Five Simple Financial Commitments to a Better Marriage

By David John Marotta

No married couple wants a scandal, even if it is just financial in nature. Money problems can ruin the love affair with your spouse. The work of blending two lives in harmony requires certain basic commitments. Many families today are financially troubled. Most of these are in denial. The rest of them are looking for a quick fix. Even a financial planner can’t help unless the couple is willing to make five simple commitments. You can always choose to find something to fight about. But if you are serious about removing the financial obstacles in your love life, you should commit to the following money management rules.

First, take the time to provide open account


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2 Responses to Five Simple Financial Commitments to a Better Marriage

  1. NormR says:

    I agree. I went through a terrible divorce and part of the problem was grounded in money issues. I remarried about 10 years ago and I learned from that failed relationship. My spouse and I have developed a workable financial plan.

    1. My spouse and I each use a charge card for all dining out and entertainment. We then pay them off each and every month. This gives us an entertainment budget for the year, which handles the internal conversation that “we never do anything”. Ditto for any vacations.

    2. We run financial software on the home PC; I do most of the data entry but all accounts are included and we both have full access. I use Quicken, but others prefer MS Money. This keeps track of all savings, spending and retirement accounts. It generates the entertainment budget I mentioned in Item 1, as well as provides all manner of useful and interesting reports.

    3. Both my spouse and I “Pay ourselves” first. Payroll checks are deposited to the family savings account. Then on a monthly basis, funds are transferred to the “spending” checking account. Monthly retirement savings goals are also automatically transferred to the appropriate accounts. Any decision to spend then reduces the family savings. We have become much more aware of the impact of our spending on our finances.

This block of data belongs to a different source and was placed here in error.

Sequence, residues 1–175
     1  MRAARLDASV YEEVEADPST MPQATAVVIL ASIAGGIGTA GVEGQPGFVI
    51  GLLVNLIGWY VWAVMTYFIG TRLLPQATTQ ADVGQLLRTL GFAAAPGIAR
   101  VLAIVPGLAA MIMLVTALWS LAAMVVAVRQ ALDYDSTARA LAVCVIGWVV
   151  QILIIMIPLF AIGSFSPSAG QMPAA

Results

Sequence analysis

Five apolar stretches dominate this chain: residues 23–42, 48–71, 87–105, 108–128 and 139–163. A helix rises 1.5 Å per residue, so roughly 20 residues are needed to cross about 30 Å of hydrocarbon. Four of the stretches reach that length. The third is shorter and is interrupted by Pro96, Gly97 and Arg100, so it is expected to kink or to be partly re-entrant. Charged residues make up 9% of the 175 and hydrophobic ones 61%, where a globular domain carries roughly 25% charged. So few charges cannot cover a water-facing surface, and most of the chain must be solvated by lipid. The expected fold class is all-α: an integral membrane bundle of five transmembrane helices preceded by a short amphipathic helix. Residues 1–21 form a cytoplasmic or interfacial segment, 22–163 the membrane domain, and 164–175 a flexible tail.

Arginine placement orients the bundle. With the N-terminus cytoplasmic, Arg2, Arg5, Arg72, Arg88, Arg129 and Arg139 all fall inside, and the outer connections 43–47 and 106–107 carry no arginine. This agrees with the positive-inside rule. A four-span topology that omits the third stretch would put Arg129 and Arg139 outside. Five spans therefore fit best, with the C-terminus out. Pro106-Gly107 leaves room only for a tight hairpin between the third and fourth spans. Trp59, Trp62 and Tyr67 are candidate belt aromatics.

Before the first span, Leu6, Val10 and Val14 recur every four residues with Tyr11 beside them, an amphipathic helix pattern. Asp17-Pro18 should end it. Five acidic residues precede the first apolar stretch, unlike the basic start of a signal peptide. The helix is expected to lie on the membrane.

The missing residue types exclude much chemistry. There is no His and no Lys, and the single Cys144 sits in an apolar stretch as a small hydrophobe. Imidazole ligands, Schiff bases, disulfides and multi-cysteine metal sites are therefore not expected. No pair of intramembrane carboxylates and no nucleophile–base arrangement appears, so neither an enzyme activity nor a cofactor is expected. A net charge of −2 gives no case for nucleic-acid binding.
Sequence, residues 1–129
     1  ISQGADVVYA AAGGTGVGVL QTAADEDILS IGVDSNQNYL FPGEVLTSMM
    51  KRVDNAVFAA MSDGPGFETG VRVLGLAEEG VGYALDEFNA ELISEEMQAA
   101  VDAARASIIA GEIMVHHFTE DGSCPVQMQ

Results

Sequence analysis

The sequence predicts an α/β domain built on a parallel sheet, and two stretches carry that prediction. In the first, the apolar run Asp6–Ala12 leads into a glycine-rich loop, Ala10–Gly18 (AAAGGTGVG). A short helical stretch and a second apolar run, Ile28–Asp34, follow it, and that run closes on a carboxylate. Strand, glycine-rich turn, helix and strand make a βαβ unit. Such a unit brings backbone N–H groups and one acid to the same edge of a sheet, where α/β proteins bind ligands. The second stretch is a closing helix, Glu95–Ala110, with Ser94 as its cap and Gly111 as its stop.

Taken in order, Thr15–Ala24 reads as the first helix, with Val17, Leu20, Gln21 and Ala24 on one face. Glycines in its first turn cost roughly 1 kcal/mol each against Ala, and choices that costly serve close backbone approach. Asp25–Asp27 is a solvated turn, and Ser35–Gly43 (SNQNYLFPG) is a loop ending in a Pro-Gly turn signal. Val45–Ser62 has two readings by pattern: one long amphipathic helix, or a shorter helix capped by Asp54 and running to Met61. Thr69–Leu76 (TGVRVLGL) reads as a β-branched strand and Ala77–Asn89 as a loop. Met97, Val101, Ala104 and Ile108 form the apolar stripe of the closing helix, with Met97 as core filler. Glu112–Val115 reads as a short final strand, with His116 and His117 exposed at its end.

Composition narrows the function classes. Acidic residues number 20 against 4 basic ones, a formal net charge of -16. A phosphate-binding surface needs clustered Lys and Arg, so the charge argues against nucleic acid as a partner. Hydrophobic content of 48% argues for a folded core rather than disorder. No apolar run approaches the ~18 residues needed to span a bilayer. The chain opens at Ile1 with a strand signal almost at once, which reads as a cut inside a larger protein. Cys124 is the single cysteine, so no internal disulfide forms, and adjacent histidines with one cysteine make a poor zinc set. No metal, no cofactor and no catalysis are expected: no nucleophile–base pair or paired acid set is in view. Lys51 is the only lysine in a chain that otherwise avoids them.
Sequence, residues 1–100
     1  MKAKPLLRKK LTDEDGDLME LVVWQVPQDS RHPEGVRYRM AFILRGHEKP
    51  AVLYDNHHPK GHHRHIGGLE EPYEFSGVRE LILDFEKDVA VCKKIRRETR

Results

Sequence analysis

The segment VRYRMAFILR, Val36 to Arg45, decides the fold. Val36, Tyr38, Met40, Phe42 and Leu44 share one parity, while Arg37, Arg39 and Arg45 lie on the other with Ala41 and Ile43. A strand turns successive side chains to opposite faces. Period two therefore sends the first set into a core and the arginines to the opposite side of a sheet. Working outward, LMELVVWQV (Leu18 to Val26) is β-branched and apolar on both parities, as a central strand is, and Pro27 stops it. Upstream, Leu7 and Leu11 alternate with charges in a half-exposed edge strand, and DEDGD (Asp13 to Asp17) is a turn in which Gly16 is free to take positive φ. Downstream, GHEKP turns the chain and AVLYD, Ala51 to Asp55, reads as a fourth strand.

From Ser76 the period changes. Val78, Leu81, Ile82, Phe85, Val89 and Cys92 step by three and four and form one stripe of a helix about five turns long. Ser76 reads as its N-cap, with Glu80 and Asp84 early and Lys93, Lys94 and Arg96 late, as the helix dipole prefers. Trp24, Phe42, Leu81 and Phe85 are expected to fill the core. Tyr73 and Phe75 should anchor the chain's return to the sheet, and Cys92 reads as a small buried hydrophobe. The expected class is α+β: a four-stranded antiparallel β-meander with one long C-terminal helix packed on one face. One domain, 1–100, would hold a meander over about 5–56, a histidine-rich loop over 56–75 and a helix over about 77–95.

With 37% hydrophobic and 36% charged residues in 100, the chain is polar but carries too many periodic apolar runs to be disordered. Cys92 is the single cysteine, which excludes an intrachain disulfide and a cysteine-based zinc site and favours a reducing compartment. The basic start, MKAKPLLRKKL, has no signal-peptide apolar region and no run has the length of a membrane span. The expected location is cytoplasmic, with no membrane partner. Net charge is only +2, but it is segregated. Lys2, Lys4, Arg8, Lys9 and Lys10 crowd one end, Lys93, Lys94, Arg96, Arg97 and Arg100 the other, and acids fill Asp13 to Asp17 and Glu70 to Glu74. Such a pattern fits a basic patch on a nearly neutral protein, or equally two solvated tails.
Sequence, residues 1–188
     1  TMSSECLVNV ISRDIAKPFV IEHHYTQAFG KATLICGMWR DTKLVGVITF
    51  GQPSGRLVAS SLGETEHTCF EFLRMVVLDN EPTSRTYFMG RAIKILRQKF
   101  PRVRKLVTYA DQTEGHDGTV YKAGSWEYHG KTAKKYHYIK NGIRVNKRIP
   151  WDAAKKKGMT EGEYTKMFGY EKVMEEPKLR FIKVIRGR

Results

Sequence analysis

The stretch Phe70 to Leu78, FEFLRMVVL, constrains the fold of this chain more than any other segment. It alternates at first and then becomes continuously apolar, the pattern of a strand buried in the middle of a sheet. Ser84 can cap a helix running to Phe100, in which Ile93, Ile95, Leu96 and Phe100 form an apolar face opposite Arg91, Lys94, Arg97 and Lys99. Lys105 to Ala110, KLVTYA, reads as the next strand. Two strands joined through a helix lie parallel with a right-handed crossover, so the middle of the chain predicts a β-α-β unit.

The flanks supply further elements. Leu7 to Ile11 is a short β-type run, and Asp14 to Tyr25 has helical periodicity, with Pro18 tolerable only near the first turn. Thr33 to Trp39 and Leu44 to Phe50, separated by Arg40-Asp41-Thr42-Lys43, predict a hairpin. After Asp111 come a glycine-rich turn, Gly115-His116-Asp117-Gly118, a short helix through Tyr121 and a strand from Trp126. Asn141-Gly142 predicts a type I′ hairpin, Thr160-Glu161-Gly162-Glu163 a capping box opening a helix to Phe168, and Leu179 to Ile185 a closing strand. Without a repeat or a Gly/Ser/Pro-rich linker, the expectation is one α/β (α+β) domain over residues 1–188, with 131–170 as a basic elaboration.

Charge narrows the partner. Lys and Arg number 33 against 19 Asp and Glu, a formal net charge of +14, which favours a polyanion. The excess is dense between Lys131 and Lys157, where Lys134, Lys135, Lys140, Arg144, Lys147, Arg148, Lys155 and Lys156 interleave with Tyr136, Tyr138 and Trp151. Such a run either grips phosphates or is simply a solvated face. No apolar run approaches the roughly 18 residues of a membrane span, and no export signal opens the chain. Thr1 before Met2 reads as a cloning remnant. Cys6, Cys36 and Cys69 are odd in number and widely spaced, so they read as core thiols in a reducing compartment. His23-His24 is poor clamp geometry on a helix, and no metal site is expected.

4. We each have a discretionary checking account. On a periodic basis, these are funded and provide for individual discretionary spending. My account isn’t large; it currently has about $725 in it; my spouse’s is larger. These accounts provide us the opportunity to save and spend independently.

    A marriage is a partnership and it does require work and compromise. If the partners can agree on the financial goals, that does seem to facilitate our relationship.

  2. SNAFU says:

    Couples need to talk about what money means to them, who is frugal and who is spendy before they get married. It would be so much easier if a pre-marital course was compulsary [like a driver’s license].

    1. What worked for us was to divide the basic expenses [rental, utilities, food, insurance, transportation] and contribute based on our earnings. Initially, DH’s net was 1/3 more than mine so he paid 5/6. I caught up eventually to 50/50.

    2. I was able to convince DH that paying interest was like sitting on the doorstep and burning money so we agreed that whatever went on CC would be paid in full on it’s due date.

    3. DH dislikes shopping and neither of us are ‘trendy’ so no disagreements on spending for clothes or housewares.

    4. We each contributed to an emergency fund [$ 1,000. initial now $3,000.] to take care of ‘life happens’ problems. This really worked to avoid mountains of stress. Sums are replaced ASAP.

    5. We each get Petty Cash to cover discretionary spending. However, once it’s gone…it’s gone until the next month. While DH pays for dinner out or entertainment, I rebate my share either before or after the event.

    6. Before making a major purchase, we do research and must convince the other of it’s value or it’s a ‘no go.’ For example,it took us 2 months this fall to agree on which brand & level of car to buy. This worked to our advantage as the prices kept dropping and the salesmen were hungry for business.

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